Q: Your book talks about the issue of whether administrators should create pages on Facebook and friend students. What are your thoughts?
A: Facebook was designed as student space, as a digital campus center, but has evolved to be much more. Part of that evolution has been the expansion of the network or “walled garden” to non-student users outside of colleges and universities, often older users. The presence of college and university faculty on Facebook is a relatively new trend that has raised concerns about professional ethics re: the student-teacher relationship. Because of our unique institutional and professional membership we as faculty are obligated to consider more intentionally our use of Facebook. Students in our study as well as in other studies had mixed feelings about faculty presence on Facebook, and they generally believe that Facebook is intentionally for college students.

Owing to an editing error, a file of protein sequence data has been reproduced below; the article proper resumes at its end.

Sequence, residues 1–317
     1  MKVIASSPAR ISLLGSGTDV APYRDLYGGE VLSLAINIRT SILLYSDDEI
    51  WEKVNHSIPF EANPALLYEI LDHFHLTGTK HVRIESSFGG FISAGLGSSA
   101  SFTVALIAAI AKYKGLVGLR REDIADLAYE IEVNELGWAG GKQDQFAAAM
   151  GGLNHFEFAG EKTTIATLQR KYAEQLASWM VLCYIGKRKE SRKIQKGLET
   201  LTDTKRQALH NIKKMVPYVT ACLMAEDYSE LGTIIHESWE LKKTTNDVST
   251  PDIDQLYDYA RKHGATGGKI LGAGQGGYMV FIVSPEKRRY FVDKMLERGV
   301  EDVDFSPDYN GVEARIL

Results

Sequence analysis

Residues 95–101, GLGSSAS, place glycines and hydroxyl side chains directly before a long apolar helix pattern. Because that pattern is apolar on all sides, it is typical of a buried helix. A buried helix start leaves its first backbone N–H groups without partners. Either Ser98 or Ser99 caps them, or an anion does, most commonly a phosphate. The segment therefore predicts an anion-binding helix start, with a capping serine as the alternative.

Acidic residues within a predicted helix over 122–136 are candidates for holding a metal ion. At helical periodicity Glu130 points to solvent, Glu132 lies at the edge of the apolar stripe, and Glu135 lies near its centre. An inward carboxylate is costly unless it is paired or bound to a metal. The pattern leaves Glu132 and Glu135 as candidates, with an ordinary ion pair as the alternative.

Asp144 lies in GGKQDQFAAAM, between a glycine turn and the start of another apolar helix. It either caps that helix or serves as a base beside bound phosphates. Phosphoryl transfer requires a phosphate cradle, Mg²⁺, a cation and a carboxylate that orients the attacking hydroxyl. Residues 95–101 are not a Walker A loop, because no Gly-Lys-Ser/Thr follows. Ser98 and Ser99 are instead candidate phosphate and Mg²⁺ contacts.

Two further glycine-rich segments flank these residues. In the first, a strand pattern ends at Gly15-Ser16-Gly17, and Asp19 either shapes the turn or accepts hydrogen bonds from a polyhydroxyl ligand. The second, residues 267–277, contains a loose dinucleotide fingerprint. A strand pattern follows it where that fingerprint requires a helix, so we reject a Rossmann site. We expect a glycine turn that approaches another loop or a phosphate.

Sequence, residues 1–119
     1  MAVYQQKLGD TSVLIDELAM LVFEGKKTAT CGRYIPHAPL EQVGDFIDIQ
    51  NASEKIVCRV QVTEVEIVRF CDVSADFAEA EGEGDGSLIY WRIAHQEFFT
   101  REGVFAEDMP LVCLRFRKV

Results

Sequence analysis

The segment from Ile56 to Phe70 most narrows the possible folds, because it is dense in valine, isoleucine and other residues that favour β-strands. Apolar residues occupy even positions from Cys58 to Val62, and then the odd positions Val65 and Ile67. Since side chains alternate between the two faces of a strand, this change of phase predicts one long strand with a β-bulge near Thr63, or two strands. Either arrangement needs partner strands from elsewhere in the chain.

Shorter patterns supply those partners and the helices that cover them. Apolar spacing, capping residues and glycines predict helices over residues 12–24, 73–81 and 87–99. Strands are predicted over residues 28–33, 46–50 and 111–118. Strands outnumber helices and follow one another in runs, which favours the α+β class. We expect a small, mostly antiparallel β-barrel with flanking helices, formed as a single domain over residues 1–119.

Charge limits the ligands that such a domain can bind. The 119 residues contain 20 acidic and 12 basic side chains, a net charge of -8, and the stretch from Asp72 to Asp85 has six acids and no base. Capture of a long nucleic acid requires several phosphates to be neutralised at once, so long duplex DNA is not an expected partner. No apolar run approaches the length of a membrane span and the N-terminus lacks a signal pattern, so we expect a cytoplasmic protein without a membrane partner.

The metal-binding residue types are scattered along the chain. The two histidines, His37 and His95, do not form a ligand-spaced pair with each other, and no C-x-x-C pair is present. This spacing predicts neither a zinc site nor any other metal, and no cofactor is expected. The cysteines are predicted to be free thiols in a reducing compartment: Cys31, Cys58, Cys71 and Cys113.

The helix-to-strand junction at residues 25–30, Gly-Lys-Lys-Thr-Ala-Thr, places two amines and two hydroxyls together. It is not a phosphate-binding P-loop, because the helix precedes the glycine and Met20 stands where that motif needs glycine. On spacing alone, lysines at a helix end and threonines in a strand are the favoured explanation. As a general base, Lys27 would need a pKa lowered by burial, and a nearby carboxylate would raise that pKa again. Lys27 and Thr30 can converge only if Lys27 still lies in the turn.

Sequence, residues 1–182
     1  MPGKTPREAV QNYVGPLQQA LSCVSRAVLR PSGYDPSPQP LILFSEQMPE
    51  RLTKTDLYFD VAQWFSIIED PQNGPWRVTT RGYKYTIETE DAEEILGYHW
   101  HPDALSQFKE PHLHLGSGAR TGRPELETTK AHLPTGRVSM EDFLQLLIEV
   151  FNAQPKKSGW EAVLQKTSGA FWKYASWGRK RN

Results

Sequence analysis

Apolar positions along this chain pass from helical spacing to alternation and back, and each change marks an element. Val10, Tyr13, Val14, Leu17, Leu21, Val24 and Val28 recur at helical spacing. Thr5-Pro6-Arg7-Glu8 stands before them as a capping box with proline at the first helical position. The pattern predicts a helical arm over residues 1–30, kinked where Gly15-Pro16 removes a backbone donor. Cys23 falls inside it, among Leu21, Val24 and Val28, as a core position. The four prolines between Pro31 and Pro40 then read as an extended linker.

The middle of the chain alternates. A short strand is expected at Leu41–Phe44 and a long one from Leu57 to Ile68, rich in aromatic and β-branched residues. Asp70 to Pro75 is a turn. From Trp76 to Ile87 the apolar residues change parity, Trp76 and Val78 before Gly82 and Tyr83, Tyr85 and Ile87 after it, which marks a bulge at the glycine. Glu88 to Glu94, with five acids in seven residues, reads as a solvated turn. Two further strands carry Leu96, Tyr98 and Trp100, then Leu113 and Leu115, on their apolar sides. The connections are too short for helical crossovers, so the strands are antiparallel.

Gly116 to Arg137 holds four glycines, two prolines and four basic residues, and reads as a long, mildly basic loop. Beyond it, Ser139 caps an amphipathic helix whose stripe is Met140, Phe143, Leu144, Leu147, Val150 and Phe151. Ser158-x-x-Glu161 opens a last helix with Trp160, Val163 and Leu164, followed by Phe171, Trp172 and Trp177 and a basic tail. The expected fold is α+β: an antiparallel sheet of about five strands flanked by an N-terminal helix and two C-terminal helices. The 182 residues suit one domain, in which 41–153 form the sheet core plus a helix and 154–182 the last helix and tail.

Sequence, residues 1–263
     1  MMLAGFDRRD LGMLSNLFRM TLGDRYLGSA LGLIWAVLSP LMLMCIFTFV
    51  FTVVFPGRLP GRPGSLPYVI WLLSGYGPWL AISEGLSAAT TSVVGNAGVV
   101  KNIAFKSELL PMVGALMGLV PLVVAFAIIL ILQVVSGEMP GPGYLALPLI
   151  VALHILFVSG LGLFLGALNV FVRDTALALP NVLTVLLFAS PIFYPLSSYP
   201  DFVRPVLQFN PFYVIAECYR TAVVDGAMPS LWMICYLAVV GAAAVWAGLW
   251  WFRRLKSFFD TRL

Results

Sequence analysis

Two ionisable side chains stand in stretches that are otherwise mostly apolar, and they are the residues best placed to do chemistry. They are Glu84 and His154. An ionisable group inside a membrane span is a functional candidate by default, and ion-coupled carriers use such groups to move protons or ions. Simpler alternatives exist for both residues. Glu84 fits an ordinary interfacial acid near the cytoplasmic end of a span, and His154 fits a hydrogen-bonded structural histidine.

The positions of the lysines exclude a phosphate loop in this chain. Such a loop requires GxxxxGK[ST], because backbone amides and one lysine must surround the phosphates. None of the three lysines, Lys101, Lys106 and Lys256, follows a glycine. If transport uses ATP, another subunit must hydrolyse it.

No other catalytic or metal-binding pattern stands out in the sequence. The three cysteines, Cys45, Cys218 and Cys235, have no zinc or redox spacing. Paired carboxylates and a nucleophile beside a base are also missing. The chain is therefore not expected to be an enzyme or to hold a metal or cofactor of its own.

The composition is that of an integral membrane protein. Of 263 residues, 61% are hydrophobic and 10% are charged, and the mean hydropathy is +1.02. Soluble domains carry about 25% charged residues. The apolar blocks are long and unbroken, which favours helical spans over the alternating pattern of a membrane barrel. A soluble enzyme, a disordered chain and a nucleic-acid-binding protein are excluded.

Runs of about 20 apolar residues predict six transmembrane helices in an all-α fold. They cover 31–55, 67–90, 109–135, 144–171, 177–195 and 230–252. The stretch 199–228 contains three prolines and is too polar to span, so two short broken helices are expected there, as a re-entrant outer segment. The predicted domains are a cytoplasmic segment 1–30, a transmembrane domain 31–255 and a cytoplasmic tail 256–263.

What does it mean for a faculty member to “friend” a student or accept a friend request from a student? Do the norms and rules of real-world student-faculty relationships fit the world of Facebook campus culture? Students may feel undue pressure and intimidation given the power that the faculty has over students. Unlike the majority of their relationships with friends, the pre-existing, real life faculty-student relationship is not a peer relationship. Students may feel intimidated or obligated to engage in an online social network relationship with a faculty member simply because they recognize the authority and power resident in the faculty. Students may feel powerless to refuse the online invitation, and despite privacy controls, college users can feel that their community boundary has been breeched. My advice: don’t friend students and don’t accept their invitation to be in their network. A code of Facebook ethics for faculty currently exists on the site and I would recommend that faculty review it.